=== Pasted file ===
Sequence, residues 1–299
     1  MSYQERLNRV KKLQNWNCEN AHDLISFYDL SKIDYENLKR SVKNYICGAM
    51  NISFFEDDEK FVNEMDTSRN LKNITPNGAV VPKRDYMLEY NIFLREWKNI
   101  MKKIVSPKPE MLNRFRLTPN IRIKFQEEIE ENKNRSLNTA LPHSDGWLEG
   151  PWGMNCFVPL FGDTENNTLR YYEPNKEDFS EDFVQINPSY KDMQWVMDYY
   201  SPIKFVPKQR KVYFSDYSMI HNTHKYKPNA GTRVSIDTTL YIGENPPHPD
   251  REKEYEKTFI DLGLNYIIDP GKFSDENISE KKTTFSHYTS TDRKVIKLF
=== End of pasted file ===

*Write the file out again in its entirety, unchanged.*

Sequence, residues 1–299
     1  MSYQERLNRV KKLQNWNCEN AHDLISFYDL SKIDYENLKR SVKNYICGAM
    51  NISFFEDDEK FVNEMDTSRN LKNITPNGAV VPKRDYMLEY NIFLREWKNI
   101  MKKIVSPKPE MLNRFRLTPN IRIKFQEEIE ENKNRSLNTA LPHSDGWLEG
   151  PWGMNCFVPL FGDTENNTLR YYEPNKEDFS EDFVQINPSY KDMQWVMDYY
   201  SPIKFVPKQR KVYFSDYSMI HNTHKYKPNA GTRVSIDTTL YIGENPPHPD
   251  REKEYEKTFI DLGLNYIIDP GKFSDENISE KKTTFSHYTS TDRKVIKLF